A pseudo-hyperplane is a tame embedding of a codimension- subspace in . Equivalently, it is the cone over a tame subsphere. An arrangement of pseudo-hyperplanes, intuitively, can be constructed by taking the cone over a sphere system.

Definition 3.11.

A finite collection of pseudo-hyperplanes in is called an arrangement of pseudo-hyperplanes if:

  1. For every the set is either empty or homeomorphic to some for .

  2. For every either , or is a locally flat embedding of a codimension- subspace of .

We say that a pseudo-hyperplane arrangement is locally flat if all the (nonempty) intersections are locally flat.

The construction of the Salvetti complex and the Orlik-Solomon algebra hold true in case of pseudo-hyperplane arrangements. In fact, the Orlik-Solomon algebra associated to a pseudo-hyperplane arrangement is isomorphic to the cohomology algebra of the corresponding Salvetti complex (see [1, Section 2.5] and [2, Section 7] for details).

3.5. Combinatorics of sphere arrangements

We now take a closer look at the combinatorics of the incidence relations among the faces. Let denote a sphere arrangement in . A hypersphere in is said to separate two chambers and if they are contained in the distinct connected components of . For two chambers the set of all the hyperspheres that separate these two chambers is denoted by . The following lemma is now evident.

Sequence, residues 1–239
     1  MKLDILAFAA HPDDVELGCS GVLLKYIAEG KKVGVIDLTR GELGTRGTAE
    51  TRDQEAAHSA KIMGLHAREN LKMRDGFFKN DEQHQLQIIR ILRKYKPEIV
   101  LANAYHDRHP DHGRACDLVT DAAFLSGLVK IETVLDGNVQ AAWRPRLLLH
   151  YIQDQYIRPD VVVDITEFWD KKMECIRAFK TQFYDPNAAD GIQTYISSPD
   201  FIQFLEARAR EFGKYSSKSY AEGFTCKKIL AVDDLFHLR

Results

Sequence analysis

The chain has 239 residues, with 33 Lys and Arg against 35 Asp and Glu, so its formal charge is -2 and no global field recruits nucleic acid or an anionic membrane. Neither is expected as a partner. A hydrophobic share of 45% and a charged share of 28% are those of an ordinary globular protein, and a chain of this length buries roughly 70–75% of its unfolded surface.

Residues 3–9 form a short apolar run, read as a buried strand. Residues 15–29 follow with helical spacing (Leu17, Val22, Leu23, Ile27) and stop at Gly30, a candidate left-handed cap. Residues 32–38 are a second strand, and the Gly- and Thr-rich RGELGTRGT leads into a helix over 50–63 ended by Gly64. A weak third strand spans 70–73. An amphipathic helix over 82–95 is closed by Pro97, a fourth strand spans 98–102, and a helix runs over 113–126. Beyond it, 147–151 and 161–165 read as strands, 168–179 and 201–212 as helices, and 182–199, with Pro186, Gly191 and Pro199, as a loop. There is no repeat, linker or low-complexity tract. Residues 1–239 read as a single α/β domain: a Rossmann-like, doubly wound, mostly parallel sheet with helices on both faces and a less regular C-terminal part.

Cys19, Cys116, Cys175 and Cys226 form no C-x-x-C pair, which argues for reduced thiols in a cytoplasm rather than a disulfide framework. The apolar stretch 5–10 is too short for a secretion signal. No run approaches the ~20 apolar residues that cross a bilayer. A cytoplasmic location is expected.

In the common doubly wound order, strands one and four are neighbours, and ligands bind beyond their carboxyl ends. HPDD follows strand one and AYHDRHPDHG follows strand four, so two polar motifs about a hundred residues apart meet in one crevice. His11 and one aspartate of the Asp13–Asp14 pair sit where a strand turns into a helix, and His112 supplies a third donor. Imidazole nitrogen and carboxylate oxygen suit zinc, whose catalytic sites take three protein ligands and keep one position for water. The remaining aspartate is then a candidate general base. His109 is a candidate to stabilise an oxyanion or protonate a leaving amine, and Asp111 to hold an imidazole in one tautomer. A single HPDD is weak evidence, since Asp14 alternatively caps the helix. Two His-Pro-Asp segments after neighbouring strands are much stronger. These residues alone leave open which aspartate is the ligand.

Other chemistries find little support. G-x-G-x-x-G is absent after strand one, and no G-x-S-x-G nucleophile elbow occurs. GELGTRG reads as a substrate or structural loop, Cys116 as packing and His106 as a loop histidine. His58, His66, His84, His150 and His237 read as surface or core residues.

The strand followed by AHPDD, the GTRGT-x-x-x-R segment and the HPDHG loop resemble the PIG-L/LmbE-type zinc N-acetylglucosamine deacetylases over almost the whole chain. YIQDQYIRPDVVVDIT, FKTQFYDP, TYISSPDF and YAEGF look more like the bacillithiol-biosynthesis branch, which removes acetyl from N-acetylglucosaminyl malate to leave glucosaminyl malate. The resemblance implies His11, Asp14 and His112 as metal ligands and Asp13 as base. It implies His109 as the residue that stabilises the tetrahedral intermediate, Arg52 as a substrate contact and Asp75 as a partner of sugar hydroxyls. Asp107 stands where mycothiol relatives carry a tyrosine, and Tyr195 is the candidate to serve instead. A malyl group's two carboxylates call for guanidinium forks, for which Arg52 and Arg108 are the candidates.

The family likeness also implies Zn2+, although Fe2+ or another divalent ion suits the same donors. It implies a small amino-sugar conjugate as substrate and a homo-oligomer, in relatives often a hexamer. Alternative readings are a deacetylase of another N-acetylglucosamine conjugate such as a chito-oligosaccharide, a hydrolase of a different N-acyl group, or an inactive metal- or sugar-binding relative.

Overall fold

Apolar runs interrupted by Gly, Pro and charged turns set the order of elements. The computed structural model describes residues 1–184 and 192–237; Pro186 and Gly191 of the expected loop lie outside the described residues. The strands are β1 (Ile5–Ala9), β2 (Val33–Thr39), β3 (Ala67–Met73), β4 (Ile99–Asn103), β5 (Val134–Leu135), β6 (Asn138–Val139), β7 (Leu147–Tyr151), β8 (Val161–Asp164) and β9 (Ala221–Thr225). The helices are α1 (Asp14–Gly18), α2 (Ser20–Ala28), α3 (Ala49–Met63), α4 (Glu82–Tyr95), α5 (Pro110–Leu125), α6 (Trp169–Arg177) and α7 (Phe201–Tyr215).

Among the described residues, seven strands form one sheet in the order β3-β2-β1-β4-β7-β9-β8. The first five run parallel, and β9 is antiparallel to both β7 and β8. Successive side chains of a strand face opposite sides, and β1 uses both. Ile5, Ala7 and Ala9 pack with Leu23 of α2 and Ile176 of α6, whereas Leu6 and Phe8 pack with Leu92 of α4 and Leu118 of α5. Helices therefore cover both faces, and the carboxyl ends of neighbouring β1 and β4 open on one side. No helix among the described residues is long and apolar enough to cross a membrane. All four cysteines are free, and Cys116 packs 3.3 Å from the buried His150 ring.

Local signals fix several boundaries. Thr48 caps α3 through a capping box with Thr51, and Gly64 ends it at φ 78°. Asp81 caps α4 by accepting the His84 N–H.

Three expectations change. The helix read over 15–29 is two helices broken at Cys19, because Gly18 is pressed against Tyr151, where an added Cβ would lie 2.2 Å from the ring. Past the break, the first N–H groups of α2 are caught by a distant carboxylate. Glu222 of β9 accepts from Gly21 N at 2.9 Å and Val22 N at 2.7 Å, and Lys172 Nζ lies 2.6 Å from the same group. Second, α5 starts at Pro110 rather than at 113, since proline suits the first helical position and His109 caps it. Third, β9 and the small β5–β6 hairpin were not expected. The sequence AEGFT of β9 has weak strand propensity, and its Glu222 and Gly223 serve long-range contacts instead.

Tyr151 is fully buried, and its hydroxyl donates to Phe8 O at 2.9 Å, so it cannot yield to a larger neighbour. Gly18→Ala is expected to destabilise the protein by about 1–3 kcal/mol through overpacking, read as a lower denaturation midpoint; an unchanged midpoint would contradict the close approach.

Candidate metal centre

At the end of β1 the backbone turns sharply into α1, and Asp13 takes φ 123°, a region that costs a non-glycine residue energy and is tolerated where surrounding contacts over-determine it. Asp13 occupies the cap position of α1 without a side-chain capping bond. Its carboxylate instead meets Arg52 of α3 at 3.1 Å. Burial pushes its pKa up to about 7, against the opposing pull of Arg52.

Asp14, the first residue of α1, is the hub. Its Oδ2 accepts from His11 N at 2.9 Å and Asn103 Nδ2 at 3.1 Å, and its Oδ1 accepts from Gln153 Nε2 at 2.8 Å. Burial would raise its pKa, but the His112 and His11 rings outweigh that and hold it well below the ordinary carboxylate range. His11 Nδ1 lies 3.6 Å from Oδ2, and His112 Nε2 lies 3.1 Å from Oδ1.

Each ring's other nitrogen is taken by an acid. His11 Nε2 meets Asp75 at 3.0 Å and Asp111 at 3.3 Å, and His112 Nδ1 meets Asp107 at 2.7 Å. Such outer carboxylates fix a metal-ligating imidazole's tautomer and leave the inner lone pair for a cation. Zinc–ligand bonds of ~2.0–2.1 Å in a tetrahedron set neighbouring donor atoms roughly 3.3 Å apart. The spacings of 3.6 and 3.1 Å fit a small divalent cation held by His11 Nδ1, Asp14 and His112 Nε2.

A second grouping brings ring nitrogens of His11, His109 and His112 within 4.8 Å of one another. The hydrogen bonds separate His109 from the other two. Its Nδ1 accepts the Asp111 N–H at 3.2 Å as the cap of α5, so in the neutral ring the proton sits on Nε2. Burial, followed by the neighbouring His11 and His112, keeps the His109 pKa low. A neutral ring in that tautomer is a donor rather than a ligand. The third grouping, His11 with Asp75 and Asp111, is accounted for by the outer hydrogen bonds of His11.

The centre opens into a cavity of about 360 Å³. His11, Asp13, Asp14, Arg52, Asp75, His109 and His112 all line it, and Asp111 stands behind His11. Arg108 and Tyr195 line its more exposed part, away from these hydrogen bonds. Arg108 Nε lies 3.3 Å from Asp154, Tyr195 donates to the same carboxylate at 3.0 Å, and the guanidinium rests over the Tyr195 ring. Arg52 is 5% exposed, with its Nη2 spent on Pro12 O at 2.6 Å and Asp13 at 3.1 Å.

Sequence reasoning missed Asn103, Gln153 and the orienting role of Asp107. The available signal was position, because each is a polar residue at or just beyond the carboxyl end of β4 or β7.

Lemma 3.12.

Let be an arrangement of spheres in , an -sphere. Let be three chambers of this arrangement. Then,

The distance between two chambers is defined as the cardinality of and denoted by . Given a face and a chamber of a sphere arrangement define the action of on as follows:

Definition 3.13.

A face acts on a chamber to produce another chamber satisfying:

  1. ,

  2. .

Lemma 3.14.

With the same notation as above, the chamber always exists and is unique.


Clear. ∎

It is easy to check that if is a chamber and are two faces such that . Moreover if then .

3.6. The tangent bundle complement

Recall that for a real hyperplane arrangement the complexified complement is the complement of the union of complexified hyperplanes inside the complexified ambient vector space (Definition 2.4). If one were to forget the complex structure on then, topologically, it is just the tangent bundle of . Same is true for a hyperplane and its complexification . Hence the complexified complement of a hyperplane arrangement can also be considered as a complement inside the tangent bundle. We use this topological viewpoint to define a generalization of for sphere arrangements.